A central heating boiler heats water using electricity, gas, heating oil or another fuel source, and then distributes hot water or steam to the rooms of the home. As the water or steam passes through the radiators, radiant heat warms the room.
The oldest central heating boilers create steam that moves without the aid of a pump through pipes to distribute heat through radiators into the room. Steam heating systems are less efficient than other types of heating systems available as of 2014, so they are less common in new construction.
Some hot water systems also operate without a pump. Hot water is less dense than cold water, so it rises through the pipes to distribute heat to the rooms. There are both open and closed gravity systems. Open systems have vents that allow excess pressure to escape while closed systems use expansion tanks. With these systems, owners often experience air locks, leading to uneven heating.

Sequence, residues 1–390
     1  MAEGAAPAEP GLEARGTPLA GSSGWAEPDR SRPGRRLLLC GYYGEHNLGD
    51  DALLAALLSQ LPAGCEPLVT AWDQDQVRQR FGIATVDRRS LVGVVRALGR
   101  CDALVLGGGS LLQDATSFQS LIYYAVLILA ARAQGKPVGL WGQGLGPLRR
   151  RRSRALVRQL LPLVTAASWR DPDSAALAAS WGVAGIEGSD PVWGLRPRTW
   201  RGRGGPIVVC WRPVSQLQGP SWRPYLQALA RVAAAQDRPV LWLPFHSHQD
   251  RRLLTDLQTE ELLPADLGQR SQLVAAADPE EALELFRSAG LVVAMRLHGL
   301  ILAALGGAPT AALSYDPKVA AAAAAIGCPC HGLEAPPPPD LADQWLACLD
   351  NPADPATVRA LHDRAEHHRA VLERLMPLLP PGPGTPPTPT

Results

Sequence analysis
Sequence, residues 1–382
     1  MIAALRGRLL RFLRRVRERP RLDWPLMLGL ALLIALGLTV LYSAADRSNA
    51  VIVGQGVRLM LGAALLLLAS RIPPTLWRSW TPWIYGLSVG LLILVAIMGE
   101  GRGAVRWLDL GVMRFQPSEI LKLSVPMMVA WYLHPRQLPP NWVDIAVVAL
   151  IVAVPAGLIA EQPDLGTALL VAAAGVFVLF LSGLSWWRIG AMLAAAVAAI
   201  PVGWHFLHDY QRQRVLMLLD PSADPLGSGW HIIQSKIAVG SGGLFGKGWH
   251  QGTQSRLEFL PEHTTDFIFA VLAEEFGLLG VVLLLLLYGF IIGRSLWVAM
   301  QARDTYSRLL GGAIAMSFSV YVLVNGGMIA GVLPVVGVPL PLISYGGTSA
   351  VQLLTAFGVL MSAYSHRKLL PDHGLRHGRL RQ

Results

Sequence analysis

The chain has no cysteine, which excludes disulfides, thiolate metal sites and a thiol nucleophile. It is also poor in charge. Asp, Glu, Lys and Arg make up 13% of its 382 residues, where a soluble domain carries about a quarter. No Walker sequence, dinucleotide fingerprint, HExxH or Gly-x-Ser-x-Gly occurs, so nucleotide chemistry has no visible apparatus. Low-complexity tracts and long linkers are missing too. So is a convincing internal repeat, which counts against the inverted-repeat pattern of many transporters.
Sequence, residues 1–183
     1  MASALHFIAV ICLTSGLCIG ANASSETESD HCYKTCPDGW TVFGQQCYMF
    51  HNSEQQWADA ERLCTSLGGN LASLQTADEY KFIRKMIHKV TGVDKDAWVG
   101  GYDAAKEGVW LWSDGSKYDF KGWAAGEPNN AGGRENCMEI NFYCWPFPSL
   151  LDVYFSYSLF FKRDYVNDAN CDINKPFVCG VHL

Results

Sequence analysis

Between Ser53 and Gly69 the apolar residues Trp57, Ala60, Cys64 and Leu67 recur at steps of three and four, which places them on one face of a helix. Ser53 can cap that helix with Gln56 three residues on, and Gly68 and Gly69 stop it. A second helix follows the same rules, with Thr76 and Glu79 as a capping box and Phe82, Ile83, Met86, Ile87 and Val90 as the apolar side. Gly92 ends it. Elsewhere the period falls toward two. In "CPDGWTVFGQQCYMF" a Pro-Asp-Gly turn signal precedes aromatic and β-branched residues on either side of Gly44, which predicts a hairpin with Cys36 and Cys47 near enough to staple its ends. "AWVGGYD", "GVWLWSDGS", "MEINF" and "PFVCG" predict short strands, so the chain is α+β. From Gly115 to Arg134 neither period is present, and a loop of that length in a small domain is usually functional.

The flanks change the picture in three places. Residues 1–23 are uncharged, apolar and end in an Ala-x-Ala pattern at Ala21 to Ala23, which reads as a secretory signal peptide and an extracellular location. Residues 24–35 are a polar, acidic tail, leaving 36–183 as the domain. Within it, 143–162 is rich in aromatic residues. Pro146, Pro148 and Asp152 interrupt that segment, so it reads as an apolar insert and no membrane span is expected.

Hydronic heating systems use a motor-driven pump to distribute the hot water throughout the home. The addition of a pump provides more rapid heating of the living space. Moving the water through the system in this way reduces heat loss and improves heating efficiency.